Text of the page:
Journal for September 5, 2008

I’ve been putting information and photos of my insect finds on our new blog:

It’s nice to have a place to put pictures where people who are interested in insects will see them. I’ve found some wonderful bugs in the last week, so go check it out! And please join us at Bugfolks if you’re interested in observing and learning about insects! There’s a list serve, as well as the blog.

I visited our neighbor Emmet this week – he showed me his “wildflower garden”, and his native bluff prairie.

He planted the wildflower garden from a seed mix. Like most commercial “wildflower” mixes, it contained seeds of mostly non-native plants, and mostly annuals, but they came up and bloomed, and they’ve attracted a lot of butterflies. We had a good time chasing and photographing butterflies.

Here’s Emmet with his garden.

The garden, with butterflies.

Leonard’s Skipper on Zinnia

An old, tattered Painted Lady

Two Fritillaries – Great Spangled (left) and Aphrodite (right)

Emmet has a tiny remnant bluff prairie that overlooks the valley. This is the prairie – with lots of Gray Goldenrod blooming.

This is the view of the valley from his prairie.

And here’s Emmet, looking down on his prairie.

It’s really fall now on our prairies – the fall flowers are starting to bloom.

We have several species of Gentians.

White Gentian (Gentiana alba)

Bottle Gentian (Gentiana andrewsii)

And Great Blue Lobelia (Lobelia siphilitica)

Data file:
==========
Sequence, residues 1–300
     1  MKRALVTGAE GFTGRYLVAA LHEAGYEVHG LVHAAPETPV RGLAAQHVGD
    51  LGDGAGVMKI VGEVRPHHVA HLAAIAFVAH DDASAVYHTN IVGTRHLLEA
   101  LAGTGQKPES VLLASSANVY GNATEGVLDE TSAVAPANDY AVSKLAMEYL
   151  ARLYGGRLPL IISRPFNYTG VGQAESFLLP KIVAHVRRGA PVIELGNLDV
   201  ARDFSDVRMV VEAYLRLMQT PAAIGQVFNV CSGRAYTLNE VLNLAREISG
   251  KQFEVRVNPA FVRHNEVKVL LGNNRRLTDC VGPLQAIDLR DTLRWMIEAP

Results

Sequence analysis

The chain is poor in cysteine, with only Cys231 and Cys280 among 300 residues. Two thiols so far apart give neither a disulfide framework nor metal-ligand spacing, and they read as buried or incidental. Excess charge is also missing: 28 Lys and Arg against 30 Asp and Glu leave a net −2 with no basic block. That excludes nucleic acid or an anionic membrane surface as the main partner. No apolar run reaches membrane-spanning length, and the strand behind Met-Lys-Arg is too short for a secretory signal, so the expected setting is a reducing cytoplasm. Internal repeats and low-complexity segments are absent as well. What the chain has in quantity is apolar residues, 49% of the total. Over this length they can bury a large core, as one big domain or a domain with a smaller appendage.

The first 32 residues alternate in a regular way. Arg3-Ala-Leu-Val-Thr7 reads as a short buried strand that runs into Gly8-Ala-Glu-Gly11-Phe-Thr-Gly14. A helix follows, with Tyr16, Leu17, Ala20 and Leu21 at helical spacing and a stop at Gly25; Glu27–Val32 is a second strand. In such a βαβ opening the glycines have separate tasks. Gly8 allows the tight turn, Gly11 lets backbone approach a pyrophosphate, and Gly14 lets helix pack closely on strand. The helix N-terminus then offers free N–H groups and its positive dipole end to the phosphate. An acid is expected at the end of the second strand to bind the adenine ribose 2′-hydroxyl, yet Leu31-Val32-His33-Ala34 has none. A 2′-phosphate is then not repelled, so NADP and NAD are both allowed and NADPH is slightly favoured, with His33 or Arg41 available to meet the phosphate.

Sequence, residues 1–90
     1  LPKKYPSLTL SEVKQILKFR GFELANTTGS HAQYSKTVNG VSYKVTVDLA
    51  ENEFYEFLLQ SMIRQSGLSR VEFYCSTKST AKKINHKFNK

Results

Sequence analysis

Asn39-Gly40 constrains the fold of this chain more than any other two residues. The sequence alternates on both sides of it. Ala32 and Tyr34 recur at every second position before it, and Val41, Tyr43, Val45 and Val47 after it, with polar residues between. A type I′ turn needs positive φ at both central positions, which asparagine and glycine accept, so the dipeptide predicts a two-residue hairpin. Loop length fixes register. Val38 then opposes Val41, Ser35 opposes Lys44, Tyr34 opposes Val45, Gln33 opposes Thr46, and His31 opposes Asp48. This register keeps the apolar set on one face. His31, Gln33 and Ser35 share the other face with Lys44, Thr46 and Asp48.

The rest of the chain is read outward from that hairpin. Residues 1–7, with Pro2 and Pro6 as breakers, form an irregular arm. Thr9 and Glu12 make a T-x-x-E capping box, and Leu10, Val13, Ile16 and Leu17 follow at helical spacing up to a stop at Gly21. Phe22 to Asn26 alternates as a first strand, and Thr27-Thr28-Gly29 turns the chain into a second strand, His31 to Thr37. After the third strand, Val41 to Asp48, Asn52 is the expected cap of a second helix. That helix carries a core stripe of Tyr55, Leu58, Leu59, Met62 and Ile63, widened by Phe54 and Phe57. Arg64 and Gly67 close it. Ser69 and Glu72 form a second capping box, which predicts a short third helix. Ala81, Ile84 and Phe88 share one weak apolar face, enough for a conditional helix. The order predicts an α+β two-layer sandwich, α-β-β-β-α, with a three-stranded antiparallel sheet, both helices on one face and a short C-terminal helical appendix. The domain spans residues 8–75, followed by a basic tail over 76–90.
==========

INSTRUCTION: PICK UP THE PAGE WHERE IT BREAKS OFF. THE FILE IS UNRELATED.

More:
I found another new plant for the farm this week – Winterberry (Ilex verticillata). It’s a species of Holly – the only one that grows in this part of the state.

There aren’t as many butterflies now – the weather is getting cooler. There are still Giant Swallowtails nectaring on the thistles.

And I’m still finding Giant Swallowtail caterpillars.

A Red Admiral

An Eastern Tailed Blue

The most common skipper I’ve been seeing is Leonard’s Skipper. It’s a fall skipper that especially likes nectaring on Blazing Star – but it also likes thistles.

Three of my Luna cocoons hatched. Ian says that Lunas sometimes try to do two generations in our short summers. This is too late for them to complete the second generation, so they’ll die. It was fun to see them, but I felt bad that I couldn’t help them through it. I released them all.

Several people who have Polyphemus moths had some hatch, but none of mine have. It may be because it’s colder here at the farm – night temperatures in the city are much higher.

We’ve seen signs that a Black Bear has been around lately. We found one of our bluebird boxes pushed over, and two large piles of scat, and one of our benches pushed over. We haven’t seen the bear.

The bench

Some scat that looks large enough to be bear scat

One of the projects I’ve been working on is cutting and killing the brush that has overgrown sumac prairie. This is what it looks like before cutting – mostly sumac, prickly ash, aspen and brambles.

I’ve been trying a couple of different methods of clearing – I hope to figure out in a few weeks, which one works best.

While I was up on Sumac Prairie, a flock of Cedar Waxwings came down to eat honeysuckle berries in the woods. Here’s one of the Cedar Waxwings.

And here are some of the berries. I’d like to get rid of all the honeysuckle – it’s not native – but it’s a long, slow process. In the meantime, the birds enjoy it.

Here are some pictures of the farm from the last week. The colors of the plants and the skies are beautiful right now.

3 Finger Valley

Cat’s Paw Prairie

Cat’s Paw Prairie

Woods below Starflower Opening

Gray Golderod on Hidden Oaks Prairie

Knife Edge Prairie with Goldenrod and Rough Blazing Star (Liatris aspera)

Field Thistles (Cirsium discolor) in 3 Finger Valley

View from Knife Edge Point